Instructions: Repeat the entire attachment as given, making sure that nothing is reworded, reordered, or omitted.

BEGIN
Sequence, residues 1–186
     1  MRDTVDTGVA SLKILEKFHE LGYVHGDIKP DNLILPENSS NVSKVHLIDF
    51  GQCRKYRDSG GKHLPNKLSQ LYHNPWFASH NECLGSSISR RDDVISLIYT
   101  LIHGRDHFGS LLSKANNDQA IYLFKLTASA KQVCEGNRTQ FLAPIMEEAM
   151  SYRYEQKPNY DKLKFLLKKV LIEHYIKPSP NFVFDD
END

Sequence, residues 1–186
     1  MRDTVDTGVA SLKILEKFHE LGYVHGDIKP DNLILPENSS NVSKVHLIDF
    51  GQCRKYRDSG GKHLPNKLSQ LYHNPWFASH NECLGSSISR RDDVISLIYT
   101  LIHGRDHFGS LLSKANNDQA IYLFKLTASA KQVCEGNRTQ FLAPIMEEAM
   151  SYRYEQKPNY DKLKFLLKKV LIEHYIKPSP NFVFDD